As Facebook Watch has evolved and matured, creators and publishers are also adapting how they develop content specifically for Watch, too.
Kennedy, who used to primarily post one-minute videos to IGTV, said that he had to start producing videos of at least three minutes in length when he started publishing content to Watch. And while that’s been more of an investment in terms of time and resources, it’s paid off.
“I was wary of that, but it’s worth it to put 20-plus hours into the video. The content was higher quality because I was putting more work into it and I’m getting better brand deals,” he said. “It’s been a huge game-changer.”
Retke said that as other platforms like IGTV have started to allow longer video content, she hasn’t had to make as many edits as before, like doing a one-minute cut for IGTV, 10 seconds for her Instagram feed and full-length videos or Watch. She primarily posts her videos on Pinterest, Facebook and Instagram.
The same publisher we spoke to said he will invest more resources into placing ad breaks in the right places for his Watch content in 2020.
With regards to monetization, the creators we spoke to said they haven’t experienced any issues on Watch.
“It’s been a huge game-changer for me, income-wise,” said Kennedy.
Fine said that he and his fellow publishers and creators are approaching monetization of video content differently than they were just a few years ago; it’s no longer enough to just get ads to play on your videos.
“That’s not the golden ticket we’re going after anymore,” Fine said. “What do audiences really want, and how do we build great content for a great community and have a great commerce component to allow for that to be a sustainable business model so we can continue to create content?”
Keeping the creator and publisher community well informed was another thing the creators we spoke to said was extremely important.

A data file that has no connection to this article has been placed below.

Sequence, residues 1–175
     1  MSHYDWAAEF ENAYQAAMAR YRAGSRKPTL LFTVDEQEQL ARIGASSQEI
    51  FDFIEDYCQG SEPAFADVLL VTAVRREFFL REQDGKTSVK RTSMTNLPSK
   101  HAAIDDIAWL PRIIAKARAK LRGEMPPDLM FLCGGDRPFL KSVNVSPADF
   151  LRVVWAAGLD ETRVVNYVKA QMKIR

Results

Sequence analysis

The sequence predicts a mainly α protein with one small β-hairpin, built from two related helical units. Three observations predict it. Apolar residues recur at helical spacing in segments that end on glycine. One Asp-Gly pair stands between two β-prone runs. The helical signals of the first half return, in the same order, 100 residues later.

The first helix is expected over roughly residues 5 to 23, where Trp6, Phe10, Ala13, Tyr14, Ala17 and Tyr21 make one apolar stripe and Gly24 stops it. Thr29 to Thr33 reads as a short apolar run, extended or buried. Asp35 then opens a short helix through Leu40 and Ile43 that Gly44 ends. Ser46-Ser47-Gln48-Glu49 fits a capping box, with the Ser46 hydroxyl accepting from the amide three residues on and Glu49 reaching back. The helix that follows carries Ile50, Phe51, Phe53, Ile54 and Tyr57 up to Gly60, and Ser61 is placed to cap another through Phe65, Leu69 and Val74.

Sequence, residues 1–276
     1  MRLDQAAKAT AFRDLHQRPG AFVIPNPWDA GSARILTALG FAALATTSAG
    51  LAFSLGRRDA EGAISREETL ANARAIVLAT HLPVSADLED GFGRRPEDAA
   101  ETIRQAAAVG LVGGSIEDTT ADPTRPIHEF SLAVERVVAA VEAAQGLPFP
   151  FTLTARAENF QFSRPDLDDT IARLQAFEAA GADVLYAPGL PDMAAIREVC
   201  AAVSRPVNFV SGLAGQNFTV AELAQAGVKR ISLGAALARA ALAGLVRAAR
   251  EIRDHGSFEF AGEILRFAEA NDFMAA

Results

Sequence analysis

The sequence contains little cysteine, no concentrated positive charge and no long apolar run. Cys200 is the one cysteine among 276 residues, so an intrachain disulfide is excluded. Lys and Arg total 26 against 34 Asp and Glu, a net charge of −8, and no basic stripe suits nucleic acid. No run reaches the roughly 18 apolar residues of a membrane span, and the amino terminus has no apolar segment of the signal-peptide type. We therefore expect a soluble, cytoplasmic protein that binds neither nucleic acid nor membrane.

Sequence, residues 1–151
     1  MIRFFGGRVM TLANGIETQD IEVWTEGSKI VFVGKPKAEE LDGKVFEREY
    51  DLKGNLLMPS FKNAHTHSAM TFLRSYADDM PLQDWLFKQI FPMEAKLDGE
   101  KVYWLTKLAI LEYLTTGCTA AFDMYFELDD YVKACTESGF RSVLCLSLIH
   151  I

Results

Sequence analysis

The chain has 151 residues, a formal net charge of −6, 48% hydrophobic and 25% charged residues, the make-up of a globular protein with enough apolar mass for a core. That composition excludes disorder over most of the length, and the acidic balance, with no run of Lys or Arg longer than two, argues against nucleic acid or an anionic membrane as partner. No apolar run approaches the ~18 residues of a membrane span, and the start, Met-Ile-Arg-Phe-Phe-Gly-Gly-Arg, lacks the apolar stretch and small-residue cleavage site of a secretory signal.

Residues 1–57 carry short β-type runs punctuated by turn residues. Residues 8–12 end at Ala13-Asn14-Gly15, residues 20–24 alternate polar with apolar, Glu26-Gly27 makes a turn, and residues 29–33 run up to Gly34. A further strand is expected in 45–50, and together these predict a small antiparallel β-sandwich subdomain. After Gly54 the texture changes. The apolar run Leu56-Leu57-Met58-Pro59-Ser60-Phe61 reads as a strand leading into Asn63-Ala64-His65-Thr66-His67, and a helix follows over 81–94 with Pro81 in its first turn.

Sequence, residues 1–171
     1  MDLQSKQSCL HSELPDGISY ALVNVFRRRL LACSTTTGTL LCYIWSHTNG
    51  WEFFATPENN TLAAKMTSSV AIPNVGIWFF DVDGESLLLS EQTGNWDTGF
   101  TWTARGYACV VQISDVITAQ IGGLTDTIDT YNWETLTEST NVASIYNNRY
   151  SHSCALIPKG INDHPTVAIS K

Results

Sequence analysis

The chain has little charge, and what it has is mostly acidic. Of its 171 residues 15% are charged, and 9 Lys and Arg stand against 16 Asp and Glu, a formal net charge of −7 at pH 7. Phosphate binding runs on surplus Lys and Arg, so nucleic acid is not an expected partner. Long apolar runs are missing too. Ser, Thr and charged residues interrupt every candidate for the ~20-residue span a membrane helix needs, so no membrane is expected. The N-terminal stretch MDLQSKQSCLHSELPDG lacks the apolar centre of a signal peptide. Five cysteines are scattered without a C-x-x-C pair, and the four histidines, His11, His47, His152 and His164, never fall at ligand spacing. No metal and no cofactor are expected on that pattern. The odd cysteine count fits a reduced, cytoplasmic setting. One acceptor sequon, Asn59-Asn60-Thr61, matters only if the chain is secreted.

Kennedy said that even though he was one of the top creators of the now-defunct Vine, he hardly got emails from anyone on that platform.
Retke said that Facebook Watch is her largest platform by far and that Facebook has kept her well informed of changes, especially algorithmic changes that impact how people can have access to her content.
“I’m in it for the long haul as well,” she said. “Yes, there are slight algorithm shifts, but at the end of the day, that means Facebook is determining how people are consuming content differently. You have a better understanding of it, and I’m able to produce better content from it.”
As for whether they think Facebook is making Watch more of a destination and raising its awareness among users, creators said they feel like Facebook is trying to do just that, but they’re not sure yet if it will actually happen.
“When I think about their strategy which, to me, seems to make Facebook a destination for great video programming that competes with YouTube and also HBO, I wonder: Will that actually happen?” said the creator. “I don’t think Facebook knows yet either, but I think it’s the right thing to try, and I’m excited to at least try to do more with them next year.”
Jason White, Facebook’s director, North America, news partnerships, said that what Facebook is doing with Watch is to be a “place where small creators can start building an audience and business” but also one where “publishers can find audiences and community.” It’s meant to appeal to both, but, he added, Watch isn’t about “massive big-budget productions or a subscription model,” so it’s not competing directly in the streaming wars.
Generating more awareness of Watch and making it a must-see destination, however, is “Facebook’s biggest hurdle,” said Fine.
“They have the eyeballs in the way that Facebook works currently, but they need to figure out how to make it a place as a video destination where you come repeatedly for specific shows, specific types of content,” he said. “I don’t think they will give up until they crack it. They just need some time.”
Photo Credit: Facebook